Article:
I have a love-hate relationship with mock drafts. On one hand, the exercise is a ton of fun. Putting your general manager hat on and matching prospects to teams in an effort to improve an organization’s chances at hoisting the Lombardi? It’s every football nerd’s dream. Optimism is in the air and every team improves! On the other hand, there are so many moving parts and variables that it’s pretty much impossible to accurately predict who ends up where. It’s even more of an impossible task when you write a mock pre-free agency and pre-combine! Most amateur draft analysts aren’t close to having final grades on every prospect. Everything is still up in the air!
This year’s draft will be affected by what’s shaping up to be one hell of a quarterback carousel. How these teams attack the position will define not only the draft, but the entire offseason. I do not include trades in my mock drafts as they’re too difficult to predict, but I’d expect some movement this year. I write mocks based on what I think is likely at the time, in an improbable attempt to predict the unpredictable.
So why should you read my mock draft? The process. I try to bring to you an educated guess on who goes where while providing reasoning for each selection. At the very least it’s an activity where I learn more about not only players, but how those players fill team needs. Right or wrong, it’s process over results. So, without further ado, I bring to you:
1.1 Jacksonville Jaguars
Evan Neal, OT, Alabama
The future of the Jacksonville Jaguars lie squarely on the shoulders of Trevor Lawrence. How about adding a 6’6”, 360-pound behemoth who can bench 475 lbs, squat 650 lbs, and charge at you like a rhino? The team needs to do everything it can to help Trevor, and grabbing a blue chip prospect like Evan Neal is a good start to shoring up the supporting cast around the young signal caller.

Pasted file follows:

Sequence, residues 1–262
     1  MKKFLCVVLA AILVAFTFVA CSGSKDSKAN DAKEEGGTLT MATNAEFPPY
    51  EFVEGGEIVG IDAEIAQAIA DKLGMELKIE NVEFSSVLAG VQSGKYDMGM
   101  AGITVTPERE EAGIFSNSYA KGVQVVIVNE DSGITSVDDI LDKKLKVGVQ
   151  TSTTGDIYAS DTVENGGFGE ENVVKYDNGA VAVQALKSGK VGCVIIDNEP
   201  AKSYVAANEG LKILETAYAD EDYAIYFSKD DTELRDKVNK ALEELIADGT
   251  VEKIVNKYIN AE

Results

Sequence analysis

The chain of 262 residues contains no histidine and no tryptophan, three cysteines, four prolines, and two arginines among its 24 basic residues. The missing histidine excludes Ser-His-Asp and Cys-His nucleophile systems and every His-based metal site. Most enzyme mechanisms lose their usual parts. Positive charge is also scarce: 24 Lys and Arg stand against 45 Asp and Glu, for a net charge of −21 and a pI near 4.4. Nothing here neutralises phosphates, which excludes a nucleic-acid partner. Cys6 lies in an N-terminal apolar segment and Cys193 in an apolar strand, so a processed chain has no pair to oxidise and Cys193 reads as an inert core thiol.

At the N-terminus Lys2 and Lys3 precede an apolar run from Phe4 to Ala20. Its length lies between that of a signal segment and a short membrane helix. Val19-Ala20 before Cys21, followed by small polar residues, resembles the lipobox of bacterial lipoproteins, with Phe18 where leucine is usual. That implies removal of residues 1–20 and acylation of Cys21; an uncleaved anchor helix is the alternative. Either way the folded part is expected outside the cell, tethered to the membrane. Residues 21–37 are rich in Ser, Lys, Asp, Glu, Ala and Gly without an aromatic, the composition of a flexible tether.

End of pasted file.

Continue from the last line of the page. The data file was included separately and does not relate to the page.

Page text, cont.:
1.2 Detroit Lions
Aidan Hutchinson, EDGE, Michigan
Love everything about Hutch’s fit in Detroit. Local kid and stellar prospect at a position of need? Dan Campbell and the Lions front office can’t run to the podium fast enough. Hutch embodies everything that this young team is striving to become.
1.3 Houston Texans
Kyle Hamilton, S, Notre Dame
It’s difficult to get a read on exactly what Houston is trying to do. Kyle Hamilton is, in my opinion, the best player in this draft class. The Texans are lacking playmakers across the board, and safety is becoming increasingly more important across the league. Hamilton would be a legit chess piece on the back end of the Houston defense.
1.4 New York Jets
Ikem Ekwonu, OT, North Carolina State
The Jets and Jaguars are in similar positions: New York has to prioritize protecting the future of the franchise in Zach Wilson. Ekwonu is a mauler and a tone setter. He can play inside or outside and has a contagious nasty streak. With the future of Mekhi Becton up in the air, the Jets pounce on an opportunity to add the talented lineman.
1.5 New York Giants
Kayvon Thibodeaux, EDGE, Oregon
Joe Schoen and Brian Daboll come from a Buffalo organization that prioritized adding talent to the trenches. That philosophy doesn’t change in New York. The Giants add arguably the most talented edge rusher in the draft in an effort to boost what has been a dismal pass rush group as of late.